Spark Bucketing and Bucket Pruning Explained

visibility 71 event 2022-08-24 access_time 26 days ago language English
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Spark Bucketing and Bucket Pruning Explained

Spark provides API (bucketBy) to split data set to smaller chunks (buckets). Mumur3 hash function is used to calculate the bucket number based on the specified bucket columns. Buckets are different from partitions as the bucket columns are still stored in the data file while partition column values are usually stored as part of file system paths. The main purpose is to avoid data shuffling when performing joins. With less data shuffling, there will be less stages required for a job thus the performance will usually better. Spark also supports bucket pruning (similar as partition pruning).

infoA common misconception is that Spark bucketing is the same as Hive bucketing but they are not compatible as they use different algorithms to decide bucket number. For Hive native bucket table, refer to Introduction to Hive Bucketed Table.

Let's jump into the details with some examples.

Spark join without buckets

Let's first look into one example of INNER JOIN of two non-bucketing tables in Spark SQL. The following is code snippet:

from pyspark.sql import SparkSession

appName = "PySpark Non-Bucketing Example"
master = "local"

# Create Spark session
spark = SparkSession.builder \
    .appName(appName) \
    .master(master) \
    .enableHiveSupport() \
    .getOrCreate()

spark.sparkContext.setLogLevel("WARN")

df1 = spark.range(1, 10 ** 6)
df1.write.format('parquet').mode('overwrite').saveAsTable(
    'test_db.spark_no_bucket_table1')

df2 = spark.range(1, 10 ** 5)
df2.write.format('parquet').mode('overwrite').saveAsTable(
    'test_db.spark_no_bucket_table2')

spark.conf.set("spark.sql.autoBroadcastJoinThreshold", -1)

df = spark.sql("""
    select * from test_db.spark_no_bucket_table1 t1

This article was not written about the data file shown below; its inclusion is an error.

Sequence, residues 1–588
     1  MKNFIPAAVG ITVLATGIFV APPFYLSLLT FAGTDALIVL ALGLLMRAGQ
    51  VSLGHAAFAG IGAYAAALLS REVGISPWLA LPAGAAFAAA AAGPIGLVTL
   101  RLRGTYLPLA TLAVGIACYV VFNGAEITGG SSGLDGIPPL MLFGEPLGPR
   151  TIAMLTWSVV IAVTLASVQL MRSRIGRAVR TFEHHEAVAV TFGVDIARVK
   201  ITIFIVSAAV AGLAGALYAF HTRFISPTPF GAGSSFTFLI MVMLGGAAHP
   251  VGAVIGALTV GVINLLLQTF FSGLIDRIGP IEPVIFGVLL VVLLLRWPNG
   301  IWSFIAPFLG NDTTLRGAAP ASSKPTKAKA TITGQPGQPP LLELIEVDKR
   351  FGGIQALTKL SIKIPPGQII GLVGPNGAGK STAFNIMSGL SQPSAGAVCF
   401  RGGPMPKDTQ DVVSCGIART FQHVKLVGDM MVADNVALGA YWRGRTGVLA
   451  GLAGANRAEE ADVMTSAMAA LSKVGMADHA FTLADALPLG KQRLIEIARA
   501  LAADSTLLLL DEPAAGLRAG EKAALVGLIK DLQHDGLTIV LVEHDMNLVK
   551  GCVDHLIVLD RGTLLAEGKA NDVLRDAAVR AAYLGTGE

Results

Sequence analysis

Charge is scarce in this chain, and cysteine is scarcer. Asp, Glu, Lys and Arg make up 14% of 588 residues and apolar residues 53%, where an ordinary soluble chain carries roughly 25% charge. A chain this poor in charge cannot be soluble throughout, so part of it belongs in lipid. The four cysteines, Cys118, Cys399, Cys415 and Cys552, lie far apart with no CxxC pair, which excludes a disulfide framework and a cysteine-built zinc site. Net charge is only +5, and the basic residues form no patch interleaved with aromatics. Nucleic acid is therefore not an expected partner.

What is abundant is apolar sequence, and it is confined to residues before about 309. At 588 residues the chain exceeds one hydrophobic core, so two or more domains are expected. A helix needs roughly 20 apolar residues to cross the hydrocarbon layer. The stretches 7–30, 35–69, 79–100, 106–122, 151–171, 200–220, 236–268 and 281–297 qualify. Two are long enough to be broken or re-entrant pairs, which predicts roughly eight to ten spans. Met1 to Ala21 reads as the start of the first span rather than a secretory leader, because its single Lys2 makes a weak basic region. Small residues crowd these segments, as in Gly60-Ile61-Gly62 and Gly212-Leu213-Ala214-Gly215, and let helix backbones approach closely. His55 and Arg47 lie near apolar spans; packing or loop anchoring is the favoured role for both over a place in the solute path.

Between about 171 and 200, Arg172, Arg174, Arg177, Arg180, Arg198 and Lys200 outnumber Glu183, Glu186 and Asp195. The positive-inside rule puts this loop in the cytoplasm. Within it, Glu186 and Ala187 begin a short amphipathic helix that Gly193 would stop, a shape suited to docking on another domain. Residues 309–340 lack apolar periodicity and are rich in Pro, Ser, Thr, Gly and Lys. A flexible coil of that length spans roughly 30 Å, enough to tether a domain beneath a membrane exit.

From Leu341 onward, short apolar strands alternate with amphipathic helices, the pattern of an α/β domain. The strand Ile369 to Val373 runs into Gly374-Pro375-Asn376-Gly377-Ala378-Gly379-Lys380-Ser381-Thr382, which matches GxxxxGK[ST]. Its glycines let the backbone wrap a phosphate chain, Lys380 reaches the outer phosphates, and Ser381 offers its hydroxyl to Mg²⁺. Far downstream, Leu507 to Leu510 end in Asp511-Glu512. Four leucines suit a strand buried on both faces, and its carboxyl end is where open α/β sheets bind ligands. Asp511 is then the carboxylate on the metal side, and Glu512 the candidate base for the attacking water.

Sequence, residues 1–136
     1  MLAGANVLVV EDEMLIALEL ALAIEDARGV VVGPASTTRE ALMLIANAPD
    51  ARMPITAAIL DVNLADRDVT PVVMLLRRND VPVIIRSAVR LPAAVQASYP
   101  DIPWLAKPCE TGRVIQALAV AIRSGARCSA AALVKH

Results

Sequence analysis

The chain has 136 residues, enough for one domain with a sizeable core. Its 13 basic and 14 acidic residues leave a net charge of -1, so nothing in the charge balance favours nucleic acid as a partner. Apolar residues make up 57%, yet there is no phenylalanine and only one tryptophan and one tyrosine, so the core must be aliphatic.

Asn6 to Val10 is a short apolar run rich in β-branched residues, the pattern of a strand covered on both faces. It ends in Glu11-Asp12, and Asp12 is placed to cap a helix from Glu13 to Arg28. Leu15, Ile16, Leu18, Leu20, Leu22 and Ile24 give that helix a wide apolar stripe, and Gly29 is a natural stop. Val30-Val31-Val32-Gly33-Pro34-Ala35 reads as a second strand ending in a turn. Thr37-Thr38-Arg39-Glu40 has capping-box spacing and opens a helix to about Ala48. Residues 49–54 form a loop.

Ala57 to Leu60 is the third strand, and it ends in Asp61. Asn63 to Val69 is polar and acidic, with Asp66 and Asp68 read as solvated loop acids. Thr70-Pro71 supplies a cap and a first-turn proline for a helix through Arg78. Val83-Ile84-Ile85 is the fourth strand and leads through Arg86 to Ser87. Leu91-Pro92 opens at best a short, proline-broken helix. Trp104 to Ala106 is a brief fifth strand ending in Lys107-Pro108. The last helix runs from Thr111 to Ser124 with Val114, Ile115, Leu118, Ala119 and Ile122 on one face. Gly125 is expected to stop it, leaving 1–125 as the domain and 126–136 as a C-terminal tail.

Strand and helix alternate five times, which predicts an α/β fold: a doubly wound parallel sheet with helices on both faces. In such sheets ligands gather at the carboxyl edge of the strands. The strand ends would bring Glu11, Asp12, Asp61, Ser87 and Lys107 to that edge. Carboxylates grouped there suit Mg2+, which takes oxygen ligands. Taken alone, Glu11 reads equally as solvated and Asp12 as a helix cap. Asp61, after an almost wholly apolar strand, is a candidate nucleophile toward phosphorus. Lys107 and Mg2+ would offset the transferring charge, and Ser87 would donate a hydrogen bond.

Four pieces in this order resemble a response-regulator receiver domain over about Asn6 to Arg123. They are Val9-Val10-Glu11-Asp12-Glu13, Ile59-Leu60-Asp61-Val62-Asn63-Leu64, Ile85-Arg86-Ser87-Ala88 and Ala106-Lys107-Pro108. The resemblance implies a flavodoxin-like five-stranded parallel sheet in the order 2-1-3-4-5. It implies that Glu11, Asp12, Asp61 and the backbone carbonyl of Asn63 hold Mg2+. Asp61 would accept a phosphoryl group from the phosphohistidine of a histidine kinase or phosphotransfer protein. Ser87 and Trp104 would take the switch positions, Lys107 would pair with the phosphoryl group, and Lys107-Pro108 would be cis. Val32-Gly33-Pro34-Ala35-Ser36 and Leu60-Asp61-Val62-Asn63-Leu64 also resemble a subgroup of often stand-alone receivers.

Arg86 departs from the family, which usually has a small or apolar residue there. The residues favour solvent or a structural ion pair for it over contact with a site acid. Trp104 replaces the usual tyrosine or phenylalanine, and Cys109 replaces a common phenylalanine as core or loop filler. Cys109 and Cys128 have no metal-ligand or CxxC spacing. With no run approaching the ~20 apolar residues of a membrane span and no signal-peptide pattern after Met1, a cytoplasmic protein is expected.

inner join test_db.spark_no_bucket_table2 t2 
    on t1.id=t2.id
    """)

df.show()
df.explain(extended=True)

The script creates two DataFrame objects can then save then as table into Hive database test_db. Later the two tables were joined together via Spark SQL. 

infoInfo - spark.conf.set("spark.sql.autoBroadcastJoinThreshold", -1) is used to turn off broadcast join so that we can compare the differences between bucketing and non-bucketing tables. Otherwise, you may find these text in the execution plan: Bucketed: false (disabled by query planner)

The text version of  physical plan looks like the following:

== Physical Plan ==
AdaptiveSparkPlan isFinalPlan=false
+- SortMergeJoin [id#6L], [id#7L], Inner
   :- Sort [id#6L ASC NULLS FIRST], false, 0
   :  +- Exchange hashpartitioning(id#6L, 200), ENSURE_REQUIREMENTS, [id=#180]
   :     +- Filter isnotnull(id#6L)
   :        +- FileScan parquet test_db.spark_no_bucket_table1[id#6L] Batched: true, DataFilters: [isnotnull(id#6L)], Format: Parquet, Location: InMemoryFileIndex(1 paths)[hdfs://localhost:9000/user/hive/warehouse/test_db.db/spark_no_bucket_t..., PartitionFilters: [], PushedFilters: [IsNotNull(id)], ReadSchema: struct<id:bigint>
   +- Sort [id#7L ASC NULLS FIRST], false, 0
      +- Exchange hashpartitioning(id#7L, 200), ENSURE_REQUIREMENTS, [id=#181]
         +- Filter isnotnull(id#7L)
            +- FileScan parquet test_db.spark_no_bucket_table2[id#7L] Batched: true, DataFilters: [isnotnull(id#7L)], Format: Parquet, Location: InMemoryFileIndex(1 paths)[hdfs://localhost:9000/user/hive/warehouse/test_db.db/spark_no_bucket_t..., PartitionFilters: [], PushedFilters: [IsNotNull(id)], ReadSchema: struct<id:bigint>

As highlighted, data shuffling occurs to perform the join. This is also reflected in the job DAG as the following screenshot shows: